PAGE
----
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PowerPoint Powerups

  • I regularly use Microsoft’s PowerPoint, and it’s safe to say that a large segment of instructors also use PowerPoint (or if they’re Apple diehards, Keynote). By now all of us are aware of the “death by Powerpoint” effect. This phenomenon, characterized by endless slides consisting of endless text bullets that we dutifully read to our assembled audience, is notorious to the point that several books have been written on how to avoid it. Not only does it produce presentations that are dull and boring, but I believe that it insults the intelligence of the audience as well.
  • One of the recommended cures for this malady is to use fewer bullets (one or two per slide). Many of us these days use screen captures to illustrate a point, since so many of the images on which we rely actually come from websites, and in many cases that’s the only place they’re available. Back in the day we captioned and annotated graphics using a draw or paint program to add arrows and captions.
  • On the Macintosh, Snapz Pro ( is a longtime favorite for capturing everything from simple pictures to entire movies with sound as they play. I’ll admit that I am far less familiar with equivalents on the PC with the exception of Camtasia Pro (, which is so full-featured as to rate its own write up, perhaps in a future column.
  • During the past couple of years I’ve found an entire new collection of graphic and presentation tools that have illustrated my lectures and (I believe) have made them far more compelling. These days we can annotate and caption from within the same program with which we captured the image in the first place. For example, Voila from Global Delight Software ( facilitates desktop screen captures, and also takes captures directly from a webcam. This $40 program not only captures a screen or a selection within a screen, but also provides annotation tools in color, including text, arrows, lines, callout balloons, spray paint, and more. Many other tools usually only found in Photoshop-grade graphics programs are also included, like crop and skew. In addition, you can upload your annotated screen capture to either your Flickr account or to a folder on your FTP site with a single click.
  • Skitch ( takes a similar approach to screen capture, using F5 for a selection and F6 for an entire screen. The tools are similar, although a bit more cartoony than those in Voila. The main difference is that Skitch uploads your finished image to its website, where you select the degree of sharing you’re comfortable with. Choices range from totally public to totally private, with several choices in between. Skitch is currently free, although the company has been making noises about charging a monthly fee for image storage. While that makes some sense given the amount of storage one can eat up with screen captures, the prospect of having to pay a monthly fee to utilize its upload abilities would make it less attractive, should that come to pass. Nevertheless, the software program is easy to use and gives good results, and one could always just save images to a local hard drive.
  • On the movie side of things, it seems that the old standby Snapz Pro has been upstaged by several new programs that do quite a bit more. iShowU ( has the ability to record and save video files in more than Snapz’ default QuickTime .mov format. It comes with useful presets for YouTube and Apple’s Final Cut Pro, as well as regular video in both U.S. NTSC and European PAL formats, with resolutions up to 1080 pixels. It also upstages Snapz Pro with the ability to simultaneously record from both the screen and from any USB or built-in web cam. More recently, iShowU was joined by a sibling product, iShowU HD. As the name implies, the HD version will capture up to 1920x1080 at 60 frames, at the expense of a substantially lower framerate on my MacBook Pro laptop. One would want a MacPro with multiple dual core processors to get the most from this program.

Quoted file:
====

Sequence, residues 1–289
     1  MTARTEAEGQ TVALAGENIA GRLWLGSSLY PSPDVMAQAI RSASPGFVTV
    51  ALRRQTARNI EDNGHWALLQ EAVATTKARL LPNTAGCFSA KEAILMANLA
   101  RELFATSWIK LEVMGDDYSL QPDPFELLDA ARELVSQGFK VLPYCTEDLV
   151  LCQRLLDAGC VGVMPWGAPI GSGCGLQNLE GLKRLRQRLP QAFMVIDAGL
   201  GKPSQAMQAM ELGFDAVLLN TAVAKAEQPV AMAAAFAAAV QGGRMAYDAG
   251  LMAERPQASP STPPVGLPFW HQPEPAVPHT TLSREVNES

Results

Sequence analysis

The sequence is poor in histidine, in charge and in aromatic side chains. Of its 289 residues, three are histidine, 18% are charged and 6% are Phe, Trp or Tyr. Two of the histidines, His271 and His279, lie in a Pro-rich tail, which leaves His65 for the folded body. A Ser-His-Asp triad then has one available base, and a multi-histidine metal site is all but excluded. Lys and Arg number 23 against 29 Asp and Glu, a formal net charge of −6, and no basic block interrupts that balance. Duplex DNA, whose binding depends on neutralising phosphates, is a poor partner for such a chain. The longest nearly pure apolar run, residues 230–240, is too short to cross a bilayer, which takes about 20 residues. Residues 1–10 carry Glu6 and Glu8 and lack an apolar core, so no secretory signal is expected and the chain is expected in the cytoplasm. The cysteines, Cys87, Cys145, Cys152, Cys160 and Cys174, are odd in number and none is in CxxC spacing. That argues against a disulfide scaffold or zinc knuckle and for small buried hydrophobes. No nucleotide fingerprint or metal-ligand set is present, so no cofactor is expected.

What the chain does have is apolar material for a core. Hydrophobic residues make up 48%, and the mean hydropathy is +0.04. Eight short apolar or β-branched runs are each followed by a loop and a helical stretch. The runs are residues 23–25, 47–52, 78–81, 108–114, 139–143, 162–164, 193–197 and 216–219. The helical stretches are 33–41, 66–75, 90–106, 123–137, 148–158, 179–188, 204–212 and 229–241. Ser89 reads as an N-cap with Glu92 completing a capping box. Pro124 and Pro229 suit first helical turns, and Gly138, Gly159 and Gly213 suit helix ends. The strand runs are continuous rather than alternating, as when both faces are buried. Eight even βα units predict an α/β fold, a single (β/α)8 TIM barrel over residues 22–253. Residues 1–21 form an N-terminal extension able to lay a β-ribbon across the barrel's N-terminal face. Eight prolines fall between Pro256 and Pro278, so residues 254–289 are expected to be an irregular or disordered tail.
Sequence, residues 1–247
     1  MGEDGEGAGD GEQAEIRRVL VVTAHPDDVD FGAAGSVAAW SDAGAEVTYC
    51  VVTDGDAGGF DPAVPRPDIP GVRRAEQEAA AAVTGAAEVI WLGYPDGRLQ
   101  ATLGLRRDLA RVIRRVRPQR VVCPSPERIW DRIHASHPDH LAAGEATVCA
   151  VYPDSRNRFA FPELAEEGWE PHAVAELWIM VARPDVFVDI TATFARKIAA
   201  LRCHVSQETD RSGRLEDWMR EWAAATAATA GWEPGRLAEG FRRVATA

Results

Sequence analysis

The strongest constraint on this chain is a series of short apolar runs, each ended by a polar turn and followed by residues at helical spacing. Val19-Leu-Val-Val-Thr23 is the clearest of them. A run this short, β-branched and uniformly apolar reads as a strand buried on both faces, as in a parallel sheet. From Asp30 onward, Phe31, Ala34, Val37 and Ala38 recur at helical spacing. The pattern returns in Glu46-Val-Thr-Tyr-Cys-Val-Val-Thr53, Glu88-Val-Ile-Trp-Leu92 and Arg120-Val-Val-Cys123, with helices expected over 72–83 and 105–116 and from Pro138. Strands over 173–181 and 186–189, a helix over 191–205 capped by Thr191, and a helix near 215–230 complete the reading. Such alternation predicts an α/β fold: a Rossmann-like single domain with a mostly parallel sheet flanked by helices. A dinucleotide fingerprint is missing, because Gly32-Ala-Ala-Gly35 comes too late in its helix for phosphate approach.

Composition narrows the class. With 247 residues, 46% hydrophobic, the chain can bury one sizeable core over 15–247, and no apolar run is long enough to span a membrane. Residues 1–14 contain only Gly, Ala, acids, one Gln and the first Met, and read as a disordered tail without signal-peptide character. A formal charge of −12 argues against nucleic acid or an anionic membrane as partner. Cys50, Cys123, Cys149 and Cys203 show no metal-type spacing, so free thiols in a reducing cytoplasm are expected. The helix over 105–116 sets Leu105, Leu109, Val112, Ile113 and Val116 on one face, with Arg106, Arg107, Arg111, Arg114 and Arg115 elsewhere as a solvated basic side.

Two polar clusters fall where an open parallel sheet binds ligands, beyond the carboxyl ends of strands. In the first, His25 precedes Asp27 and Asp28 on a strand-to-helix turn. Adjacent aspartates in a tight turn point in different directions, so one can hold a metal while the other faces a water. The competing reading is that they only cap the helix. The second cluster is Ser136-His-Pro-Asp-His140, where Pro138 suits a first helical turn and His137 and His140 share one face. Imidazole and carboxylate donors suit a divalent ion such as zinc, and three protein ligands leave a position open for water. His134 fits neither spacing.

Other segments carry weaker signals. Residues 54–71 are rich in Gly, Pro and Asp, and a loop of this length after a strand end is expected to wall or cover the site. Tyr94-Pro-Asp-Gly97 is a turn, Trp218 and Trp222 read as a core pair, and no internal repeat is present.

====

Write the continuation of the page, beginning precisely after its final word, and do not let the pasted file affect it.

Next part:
• The latest salvo to be fired in this war of movie-format screen captures comes from Telestream ( in the form of the $99 ScreenFlow software. What ScreenFlow lacks in sizes and formats for capture it more than makes up for in annotations. Unlike the other movie capture programs mentioned, ScreenFlow is actually a workmanlike video editor with effects that allow the camera to zoom in and out on a particular area of the screen in post production. So once a movie has been captured, the video and audio can be edited and conformed, and specific actions on the screen that are otherwise difficult to see can be brought into sharp focus via zooming. Other video processes include the ability to flip and rotate the screen image to create snazzy transitions, and text annotations. The only downside to ScreenFlow is that these effects keep your video in a proprietary format until you’ve finished, whereupon you can export the video in formats for iPhone, YouTube, or high-definition playback.
  • Last but not least is a specialized program for creating time lines. From the oddly-named Bee Docs ( comes TimeLine 3D, whose sole purpose is to help create interesting-looking timelines, complete with areas for graphics and text annotations. The most fascinating part of this bit of programming is that once finished, the timeline can be viewed diagonally in a 3-D aspect, and as one moves from event to event the timeline moves and the annotations appear to fold outward from the flat timeline background. It’s easier to look at than to explain, and the company provides ample demonstration movie files. For $65 it is something of a one-trick pony, but if you need to create a timeline for a lecture there’s nothing quite like it. Enjoy.

Steve Cunningham is a senior lecturer in technology in the Thornton School, Music Industry Department at USC. He can be reached at